That when someone tells says you can’t that you can. It’s just a matter of getting it done more than thinking about it. Nourish feels like an overnight thing but it wasn’t it was a nine-month thing before we even opened the doors. We’ve made this happen piece by piece, the key thing is patience and realising the finished product isn’t the product you begin with. It’s a matter of keeping going and turning your passion into a reality. I wanted to see my passion for helping people and changing their lives in health for the better by becoming an integral part of their lives.
Back in the 90s my mum was always going to fitness classes but I don’t believe as much a health-conscious thing, as it is now it’s a commitment to get involved in the fitness revolution. Before there wasn’t that ethos about health, and culturally we didn’t think about our nutrition. I believe the next generation are going to be fantastic at that, it will deliver a totally different future for us all. We see the change happening now with being vegan; what was the norm of drinking dairy milk now isn’t and that’s what I want my daughter to be conscious of helping others, becoming confident in herself and her choices, and having that mental attitude that nothing can stop me.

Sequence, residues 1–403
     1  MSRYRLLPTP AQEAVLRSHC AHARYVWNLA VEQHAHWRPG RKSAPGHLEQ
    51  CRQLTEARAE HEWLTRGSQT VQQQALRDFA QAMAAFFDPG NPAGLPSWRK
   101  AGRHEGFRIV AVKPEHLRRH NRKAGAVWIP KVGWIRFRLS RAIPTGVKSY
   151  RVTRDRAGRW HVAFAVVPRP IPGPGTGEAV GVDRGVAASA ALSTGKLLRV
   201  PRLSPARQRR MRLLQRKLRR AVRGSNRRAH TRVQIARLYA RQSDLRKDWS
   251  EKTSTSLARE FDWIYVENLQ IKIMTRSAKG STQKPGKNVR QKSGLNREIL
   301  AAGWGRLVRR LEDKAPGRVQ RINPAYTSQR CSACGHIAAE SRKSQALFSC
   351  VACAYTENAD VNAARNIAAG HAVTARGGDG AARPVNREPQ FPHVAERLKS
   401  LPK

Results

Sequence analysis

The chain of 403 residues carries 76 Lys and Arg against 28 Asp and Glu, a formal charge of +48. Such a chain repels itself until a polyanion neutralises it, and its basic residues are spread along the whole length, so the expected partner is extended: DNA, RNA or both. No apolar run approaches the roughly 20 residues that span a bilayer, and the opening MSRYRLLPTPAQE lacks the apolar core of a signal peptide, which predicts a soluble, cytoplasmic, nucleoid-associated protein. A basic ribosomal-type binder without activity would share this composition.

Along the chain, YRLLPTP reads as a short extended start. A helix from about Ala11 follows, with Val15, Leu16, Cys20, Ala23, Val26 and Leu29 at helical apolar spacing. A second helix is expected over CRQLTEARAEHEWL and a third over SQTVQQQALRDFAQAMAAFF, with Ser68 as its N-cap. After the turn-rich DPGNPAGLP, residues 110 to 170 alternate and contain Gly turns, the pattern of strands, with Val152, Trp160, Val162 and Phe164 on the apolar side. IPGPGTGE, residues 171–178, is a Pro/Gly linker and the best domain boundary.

..and as a mother?
It’s painful being a mother in the way it’s something I realised with all the terrible things that happen in the news, you suddenly realise what you’re bringing your daughter up in to all of this (terror, war etc). But that relationship I have will her will always be the strongest relationship that I’ll ever have. It’s so overpowering yet is the most beautiful experience that I’ve ever had.
Tell us, where do you draw your daily motivation from?
Every time I see my daughter I’m motivated by her, but also, I want to be successful. There was one thing that stood out to me from school, my reports said, ‘has potential’. I don’t want to be potential anymore I want to have success and show that I’ve made something from nothing.
If you could go back to the day left school, what advice would you give to your 16-old self now that you didn’t know back then?